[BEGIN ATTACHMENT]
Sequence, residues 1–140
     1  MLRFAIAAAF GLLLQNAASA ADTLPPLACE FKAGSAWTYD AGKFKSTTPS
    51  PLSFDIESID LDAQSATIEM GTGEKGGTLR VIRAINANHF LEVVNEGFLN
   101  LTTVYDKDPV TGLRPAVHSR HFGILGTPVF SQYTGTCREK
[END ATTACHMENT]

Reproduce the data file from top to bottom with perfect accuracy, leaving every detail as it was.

Sequence, residues 1–140
     1  MLRFAIAAAF GLLLQNAASA ADTLPPLACE FKAGSAWTYD AGKFKSTTPS
    51  PLSFDIESID LDAQSATIEM GTGEKGGTLR VIRAINANHF LEVVNEGFLN
   101  LTTVYDKDPV TGLRPAVHSR HFGILGTPVF SQYTGTCREK